Wednesday, August 28, 2013

How to Write for Kids

Tween the Weekends is a monthly feature sponsored by: Emblazon

I love writing for kids!  There is something very rewarding about having a child give you a compliment on your story.  They way their eyes light up as they discuss their favorite character, or my favorite, having someone tell you that their kids started pretending to play a game they made up, using the characters from your books.

However, writing for children isn't easy.  There are certain things you need to make sure you are doing if you choose to write for children.

1.  Decide what age you are targeting.  Sometimes I find that authors have listed their books as a Children's Book, but it's 70K words, and 25 chapters long.  This would more likely be considered a Middle Grade or Young Adult novel.

2.  Watch your language!  Children's books and Middle Grade books are targeting children under 12 years of age.  I can't tell you how many times I have put a book back on the shelf because of foul language.  Just because today's society tells us it's okay to put in a few bad words, doesn't mean you should.  A lot of parents are pre-reading books before they allow their children to read them, myself included, because authors seem to forget the age they are writing for.

3.  Content!  Children love to use their imaginations.  If you are writing a fantasy or fiction book, give them something to try and figure out.  I have found the younger children can imagine the scenery better than older children if you paint a bigger picture. Don't be afraid to be descriptive, as long as you can keep the story flowing.  Don't put in unnecessary information.  Kids get bored quickly.  DO NOT ever put "romantic scenes" in a children or middle grade book! Even when writing Young Adult, less is more!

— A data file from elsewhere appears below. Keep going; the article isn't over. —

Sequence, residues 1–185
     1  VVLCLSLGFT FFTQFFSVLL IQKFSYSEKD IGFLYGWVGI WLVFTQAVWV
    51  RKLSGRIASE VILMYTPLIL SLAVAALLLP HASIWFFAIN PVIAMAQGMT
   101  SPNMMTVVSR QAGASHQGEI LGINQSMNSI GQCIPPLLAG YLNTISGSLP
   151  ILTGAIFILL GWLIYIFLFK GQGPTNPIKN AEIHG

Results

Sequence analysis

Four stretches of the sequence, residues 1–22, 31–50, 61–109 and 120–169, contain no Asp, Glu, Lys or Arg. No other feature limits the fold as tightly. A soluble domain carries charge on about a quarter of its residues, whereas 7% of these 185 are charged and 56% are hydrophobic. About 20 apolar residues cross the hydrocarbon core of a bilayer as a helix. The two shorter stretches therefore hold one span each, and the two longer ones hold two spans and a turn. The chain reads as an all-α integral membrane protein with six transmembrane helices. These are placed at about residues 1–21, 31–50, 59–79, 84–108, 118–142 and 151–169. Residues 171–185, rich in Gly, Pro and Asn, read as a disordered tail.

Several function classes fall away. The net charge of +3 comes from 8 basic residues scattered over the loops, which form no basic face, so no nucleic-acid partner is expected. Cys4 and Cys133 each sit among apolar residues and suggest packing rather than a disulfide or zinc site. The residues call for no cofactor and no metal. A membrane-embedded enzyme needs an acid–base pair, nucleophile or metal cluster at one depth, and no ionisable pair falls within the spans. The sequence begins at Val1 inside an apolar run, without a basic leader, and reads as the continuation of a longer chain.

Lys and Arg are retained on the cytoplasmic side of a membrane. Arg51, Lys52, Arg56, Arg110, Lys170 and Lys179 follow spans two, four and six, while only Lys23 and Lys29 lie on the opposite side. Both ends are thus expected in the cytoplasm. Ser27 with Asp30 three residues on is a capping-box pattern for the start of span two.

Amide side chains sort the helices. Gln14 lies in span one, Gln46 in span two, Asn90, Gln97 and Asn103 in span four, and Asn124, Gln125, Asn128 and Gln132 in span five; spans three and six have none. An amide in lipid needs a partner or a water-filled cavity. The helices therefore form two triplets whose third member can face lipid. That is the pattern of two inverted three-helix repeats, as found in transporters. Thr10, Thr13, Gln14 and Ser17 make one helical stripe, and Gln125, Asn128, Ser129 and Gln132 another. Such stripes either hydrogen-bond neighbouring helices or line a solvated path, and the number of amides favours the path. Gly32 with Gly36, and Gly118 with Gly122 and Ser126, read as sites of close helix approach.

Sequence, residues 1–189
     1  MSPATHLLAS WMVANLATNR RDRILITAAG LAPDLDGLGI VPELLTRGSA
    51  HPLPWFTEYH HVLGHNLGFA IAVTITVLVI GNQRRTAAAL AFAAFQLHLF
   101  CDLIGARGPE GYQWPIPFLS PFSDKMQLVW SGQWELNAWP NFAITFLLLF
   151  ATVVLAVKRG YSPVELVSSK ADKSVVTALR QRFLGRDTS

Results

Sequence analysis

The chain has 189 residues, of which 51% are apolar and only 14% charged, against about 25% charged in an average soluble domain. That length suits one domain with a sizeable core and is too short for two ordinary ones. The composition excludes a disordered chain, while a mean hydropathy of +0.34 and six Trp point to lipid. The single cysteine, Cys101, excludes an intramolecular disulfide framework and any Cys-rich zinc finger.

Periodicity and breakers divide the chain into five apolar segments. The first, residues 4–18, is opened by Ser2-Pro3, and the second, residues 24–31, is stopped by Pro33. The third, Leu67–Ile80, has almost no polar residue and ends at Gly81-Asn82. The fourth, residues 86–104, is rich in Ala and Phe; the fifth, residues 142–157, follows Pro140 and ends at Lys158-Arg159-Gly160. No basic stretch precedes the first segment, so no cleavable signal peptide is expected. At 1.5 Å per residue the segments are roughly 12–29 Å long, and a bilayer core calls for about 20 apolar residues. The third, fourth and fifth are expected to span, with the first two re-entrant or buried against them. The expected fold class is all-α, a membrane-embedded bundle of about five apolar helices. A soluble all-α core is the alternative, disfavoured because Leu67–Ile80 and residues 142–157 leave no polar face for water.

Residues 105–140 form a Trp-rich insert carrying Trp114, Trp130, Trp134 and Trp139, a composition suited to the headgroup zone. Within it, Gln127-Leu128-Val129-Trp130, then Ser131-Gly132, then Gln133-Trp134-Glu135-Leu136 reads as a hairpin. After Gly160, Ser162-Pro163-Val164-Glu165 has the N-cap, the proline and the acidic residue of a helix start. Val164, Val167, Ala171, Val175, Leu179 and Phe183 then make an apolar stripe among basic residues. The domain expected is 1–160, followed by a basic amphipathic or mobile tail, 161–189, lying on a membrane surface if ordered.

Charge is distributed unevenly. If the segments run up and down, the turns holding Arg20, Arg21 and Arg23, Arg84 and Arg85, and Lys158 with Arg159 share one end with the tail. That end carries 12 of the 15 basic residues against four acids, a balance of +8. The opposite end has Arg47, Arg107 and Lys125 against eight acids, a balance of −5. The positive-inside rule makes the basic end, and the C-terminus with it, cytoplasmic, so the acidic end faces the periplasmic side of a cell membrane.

4.  Artwork is an essential part of writing for children.  The more colorful the better.  If it's a children's book, make sure your artist knows the story. Don't be afraid to tell the artist you don't like something.  If they don't know, how can they fix it.  If you are writing a Middle Grade Novel, it will almost always be judged purely by the cover.  I have watched so many kids, look at the cover of the book, and if it doesn't catch their attention immediately, they put it back on the shelf without ever flipping it over and reading the description on the back.  The spine font is also important.  It needs to stand out among the other hundred books it's sitting next to on the shelf.

5.  If writing non-fiction, make sure you use words that kids can understand.  I find that even ten to twelve year olds are having a difficult time with larger words that they don't hear frequently.  Sometimes it might be necessary to incorporate a definition in the paragraph.

6.  Remember who you are writing for.  You are writing for a child that probably still likes his/her parents to read them a bed time story, or tuck them in at night.

7.  And last but not least...ENJOY your writing!  If you don't like it, neither will your target audience.

I hope that I have helped.  I would love to know what you have discovered in your own writing.  What do you think are the best tips for others writing in this genre?


Lois D. Brown said...

Hi Alicia, Great tips. I haven't thought much about spine font. So much to think about. Thanks for participating in the TTW blog. It is fun reading them all.

Alicia Rivoli said...

I'm glad it was helpful. Do you have a link for the TTW Blog?

Christina Mercer said...

Helpful post! And I agree, book covers and pics really grab a kid's interest. They grab this very large kid, too, ha ha :-)

Anonymous said...

Great post that fit in well with the Tween the Weekends feature. Was it intentional, or did you forget? ;) Worked out great either way. Here's the link back to the list of all participants:

Alicia Rivoli said...

Actually I had forgotten, but I'm glad it worked out. :)

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